When you purchase a home, even a home that isn’t new, there is a very good chance that you will be offered a home warranty as a safety net against expensive, unforeseen repairs. Repairs are an inevitable part of living in a home. Appliances break, faucets leak and HVAC units can stall in the middle of a heatwave. It may sound like a great form of financial protection—but is it really the safety net that homeowners expect?
What Is a Home Warranty?
Most home buyers and sellers find buying a home warranty to be an effective way for all parties to mutually benefit from a home protection plan. Whether you buy, sell, or rent property, buying home protection plans are an ideal way to access a network of licensed and qualified professionals. Buying a home is usually the biggest purchase of your life and making sure the property is covered from unforeseen repairs is typically a must-have for most homeowners particularly first-time home buyers with no experience maintaining a home.
Home sellers eager to sell their property but also protect it from major damages during the selling process are increasingly buying one-year home warranty plans as part of the home sale offer. As a way to protect a property from damages while the home is listed for sale, real estate agents are also interested in purchasing home warranty plans. They may also purchase a plan to entice or thank the home buyer as well. To help protect the property while renting, rental property owners can receive optimal protection of the home while also shouldering those home protection plan costs to the renter.
A home warranty is not the same thing as homeowners insurance, which covers major perils such as fires, hail, property crimes, and certain types of water damage that could affect the entire structure or the homeowner’s personal possessions.
A home warranty is a contract between a homeowner and a home warranty company that provides for discounted repair and replacement service on a home’s major components, such as the furnace, HVAC, plumbing, and electrical systems. A home warranty may also cover major appliances, such as washers and dryers, refrigerators, and swimming pools.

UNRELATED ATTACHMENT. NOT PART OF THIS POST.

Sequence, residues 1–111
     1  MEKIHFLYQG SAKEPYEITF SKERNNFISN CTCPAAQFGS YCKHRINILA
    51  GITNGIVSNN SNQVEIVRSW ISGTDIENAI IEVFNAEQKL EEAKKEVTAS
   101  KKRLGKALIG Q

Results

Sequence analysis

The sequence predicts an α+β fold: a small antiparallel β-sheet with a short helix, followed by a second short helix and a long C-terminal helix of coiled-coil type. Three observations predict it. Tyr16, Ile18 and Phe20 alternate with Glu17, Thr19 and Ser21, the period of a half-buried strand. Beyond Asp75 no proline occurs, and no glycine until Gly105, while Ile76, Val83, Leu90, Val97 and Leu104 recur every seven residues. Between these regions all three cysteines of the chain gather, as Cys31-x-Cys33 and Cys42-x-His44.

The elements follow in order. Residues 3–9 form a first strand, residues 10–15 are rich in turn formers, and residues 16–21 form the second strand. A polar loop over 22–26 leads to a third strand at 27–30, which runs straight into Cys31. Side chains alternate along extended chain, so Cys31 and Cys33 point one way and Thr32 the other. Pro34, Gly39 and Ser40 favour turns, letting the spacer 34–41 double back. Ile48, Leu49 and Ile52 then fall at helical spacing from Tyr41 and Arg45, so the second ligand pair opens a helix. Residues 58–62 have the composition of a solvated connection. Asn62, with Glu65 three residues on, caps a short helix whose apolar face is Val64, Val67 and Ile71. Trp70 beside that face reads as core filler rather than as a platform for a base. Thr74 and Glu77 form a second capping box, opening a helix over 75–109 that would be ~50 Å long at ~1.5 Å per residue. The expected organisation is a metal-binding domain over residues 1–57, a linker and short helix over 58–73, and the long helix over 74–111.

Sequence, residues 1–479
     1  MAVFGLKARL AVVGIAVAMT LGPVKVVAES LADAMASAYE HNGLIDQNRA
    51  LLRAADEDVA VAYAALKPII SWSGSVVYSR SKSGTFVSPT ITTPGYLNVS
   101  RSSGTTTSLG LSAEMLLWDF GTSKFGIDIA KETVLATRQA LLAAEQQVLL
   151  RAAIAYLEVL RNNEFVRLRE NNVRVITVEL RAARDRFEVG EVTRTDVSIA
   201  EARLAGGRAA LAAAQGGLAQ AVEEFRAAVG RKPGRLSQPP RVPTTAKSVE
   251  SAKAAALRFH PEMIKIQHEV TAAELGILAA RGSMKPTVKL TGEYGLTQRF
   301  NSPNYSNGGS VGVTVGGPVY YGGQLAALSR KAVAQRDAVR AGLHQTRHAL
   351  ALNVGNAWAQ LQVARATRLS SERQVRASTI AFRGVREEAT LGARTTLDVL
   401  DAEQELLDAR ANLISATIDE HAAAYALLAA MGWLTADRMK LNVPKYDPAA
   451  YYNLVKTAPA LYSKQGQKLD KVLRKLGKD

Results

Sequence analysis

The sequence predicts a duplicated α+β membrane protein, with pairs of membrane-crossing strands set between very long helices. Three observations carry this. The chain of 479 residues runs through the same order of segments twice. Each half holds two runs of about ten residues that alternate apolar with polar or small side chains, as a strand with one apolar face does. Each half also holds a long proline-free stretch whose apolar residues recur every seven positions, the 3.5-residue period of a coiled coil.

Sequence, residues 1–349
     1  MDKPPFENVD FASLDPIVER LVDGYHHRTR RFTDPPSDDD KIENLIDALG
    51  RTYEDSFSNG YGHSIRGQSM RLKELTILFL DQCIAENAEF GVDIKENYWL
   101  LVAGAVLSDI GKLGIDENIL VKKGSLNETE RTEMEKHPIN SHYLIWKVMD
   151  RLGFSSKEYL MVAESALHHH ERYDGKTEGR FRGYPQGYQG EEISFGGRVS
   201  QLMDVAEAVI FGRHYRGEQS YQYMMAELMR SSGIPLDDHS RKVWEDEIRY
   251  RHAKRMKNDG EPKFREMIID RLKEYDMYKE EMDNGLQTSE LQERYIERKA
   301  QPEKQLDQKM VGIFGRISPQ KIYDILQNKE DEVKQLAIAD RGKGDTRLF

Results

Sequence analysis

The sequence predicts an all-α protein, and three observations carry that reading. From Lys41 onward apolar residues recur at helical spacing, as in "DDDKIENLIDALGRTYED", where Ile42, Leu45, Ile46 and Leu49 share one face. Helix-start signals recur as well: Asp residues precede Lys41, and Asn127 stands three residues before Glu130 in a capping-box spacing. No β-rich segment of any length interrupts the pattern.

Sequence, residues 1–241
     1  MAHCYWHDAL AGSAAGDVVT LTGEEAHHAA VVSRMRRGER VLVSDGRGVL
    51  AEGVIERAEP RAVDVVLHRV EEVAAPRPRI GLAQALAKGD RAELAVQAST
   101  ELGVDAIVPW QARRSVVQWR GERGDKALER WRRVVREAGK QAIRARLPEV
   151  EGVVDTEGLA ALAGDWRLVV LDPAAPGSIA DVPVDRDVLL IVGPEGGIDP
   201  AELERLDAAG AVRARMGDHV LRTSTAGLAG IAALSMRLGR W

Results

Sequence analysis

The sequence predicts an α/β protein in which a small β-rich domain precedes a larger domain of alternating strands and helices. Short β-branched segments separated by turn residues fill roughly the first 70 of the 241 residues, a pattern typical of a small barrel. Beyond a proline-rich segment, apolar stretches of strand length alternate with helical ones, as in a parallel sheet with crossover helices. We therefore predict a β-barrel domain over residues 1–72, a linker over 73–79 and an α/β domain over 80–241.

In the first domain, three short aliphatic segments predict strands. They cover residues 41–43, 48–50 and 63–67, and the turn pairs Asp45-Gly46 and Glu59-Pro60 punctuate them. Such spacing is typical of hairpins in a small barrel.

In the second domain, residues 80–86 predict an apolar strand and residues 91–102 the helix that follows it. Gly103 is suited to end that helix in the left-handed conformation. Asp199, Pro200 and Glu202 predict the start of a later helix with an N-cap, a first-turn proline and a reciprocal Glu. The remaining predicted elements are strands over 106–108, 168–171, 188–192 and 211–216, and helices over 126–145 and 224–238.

Often homeowners insurance doesn't cover these components. Or, the cost of fixing them (while expensive) wouldn't meet the policy's deductible—the dollar point at which insurance coverage kicks in.
Most plans have a basic component that provides all homeowners who purchase a policy with certain coverages. Homeowners can also purchase one or more optional components that provide additional coverage at additional cost.
NOTE: Home warranties often come up when purchasing a home. The seller may offer to purchase one on your behalf to provide peace of mind that any component of the home can be fixed affordably—if not, you will likely receive numerous mail solicitations to purchase a home warranty once the sale closes.
Home warranty companies have agreements with approved service providers. When something that is covered by a home warranty breaks down, the homeowner calls the home warranty company, which sends one of its service providers to examine the problem. If the provider determines that the needed repair or replacement is covered by the warranty, they complete the work. The homeowner only pays a small service fee, plus the money already spent to purchase the warranty.
What Does a Home Warranty Cost?
A home warranty costs several hundred dollars a year, paid up-front (or in installments, if the warranty company offers a payment plan). The plan’s cost varies depending on the property type—single-family detached, condo, townhouse, or duplex—and whether the homeowner purchases a basic or an extended plan.